Inbox zero – efficient way to manage emails

Every day at least 30 new messages land in my mailbox. Newsletters, reminders, status updates, mentions, recommendations and even personal or business messages – each of them need my time and an attention. And no one besides me is responsible for handling them.

I had my very first email account on the public news site. I received tons of advertising messages until I got the invitation to the Gmail. This mail service was capable of identifying unwanted messages. That was what I have been looking for for a long time.

Although I receive a bunch of messages each day (more important than spam or advertisements), at the end of the day my inbox is empty. Thanks to Inbox Zero approach, I manage my matters without wasting time. It helps me preventing myself from being overwhelming by a number of emails.

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Building the associative array – ideas

When we talk about arrays we usually mean the vector of something – primitives, objects or even arrays. But there are a lot of situation when we need to carry extra information with our data. We can use nested arrays but it doesn’t cause that the specific item within the array will be easy to identify. To achieve it we should use custom keys. They provide easy access to any element of the array as long as we know the key corresponding with that value.

There are some reasons why we can use associative arrays instead of simple vectors, e.g. readability. Named keys are also more meaningful than numeric indexes. Instead of thinking about the whys, image the situation when we could use a hashmap. Let’s focus on how we can build the associative array from a vector.

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What is idempotence?

If you frown after reading idempotence, don’t worry. Although this word sounds unusual it conceals a simple mathematics property. Needless to say, this characteristic has also a big meaning in Computer Science.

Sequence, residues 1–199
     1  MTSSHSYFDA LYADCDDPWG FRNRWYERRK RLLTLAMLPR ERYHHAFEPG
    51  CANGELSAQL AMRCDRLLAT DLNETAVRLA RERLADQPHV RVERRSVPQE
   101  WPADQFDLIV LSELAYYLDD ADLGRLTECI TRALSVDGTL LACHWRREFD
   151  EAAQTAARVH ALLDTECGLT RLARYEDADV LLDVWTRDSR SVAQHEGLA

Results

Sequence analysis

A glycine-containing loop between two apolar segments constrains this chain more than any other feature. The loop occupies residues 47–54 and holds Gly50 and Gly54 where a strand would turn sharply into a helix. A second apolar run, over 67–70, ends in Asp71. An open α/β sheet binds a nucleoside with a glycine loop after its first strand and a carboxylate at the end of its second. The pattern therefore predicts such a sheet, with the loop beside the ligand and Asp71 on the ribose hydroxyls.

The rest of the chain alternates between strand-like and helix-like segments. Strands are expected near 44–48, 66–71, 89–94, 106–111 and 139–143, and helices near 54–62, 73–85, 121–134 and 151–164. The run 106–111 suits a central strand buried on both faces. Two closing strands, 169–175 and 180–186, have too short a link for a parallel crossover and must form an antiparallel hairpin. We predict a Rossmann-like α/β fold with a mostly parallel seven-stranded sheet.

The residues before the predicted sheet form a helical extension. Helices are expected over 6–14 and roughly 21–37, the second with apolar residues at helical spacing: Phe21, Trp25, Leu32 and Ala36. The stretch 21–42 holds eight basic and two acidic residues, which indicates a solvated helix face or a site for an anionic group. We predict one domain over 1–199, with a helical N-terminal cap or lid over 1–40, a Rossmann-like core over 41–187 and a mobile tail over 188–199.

Idempotence operation is an operation that can be applied multiple times without changing the result beyond the initial application. It may sound difficult but after a couple of examples, the general concept will be obvious.

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Why should you return early?

When I started my journey as a computer programmer, I had written my code in various way. In most cases, I translated requirements into specific conditions and statements, but I hadn’t taken too much care of readability or quality of my code. “It works, that’s it” – and the code base grew and grew in time. Thousands of written methods later, I had discovered that a lot of these little pieces of logic could look better if I reverse some condition within them. Unconsciously, I’ve started following the rule which I had later called the “fail fast” rule, and subsequently “return early".

I realized I hadn’t had the one preferred way to check conditions within the single method. Sometimes I let execution if the expression was true. Another time I had waited for the false result to show the error message before the main part of the code was executing. In my head, I discovered various styles of checking conditions.

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My start with React and its rich ecosystem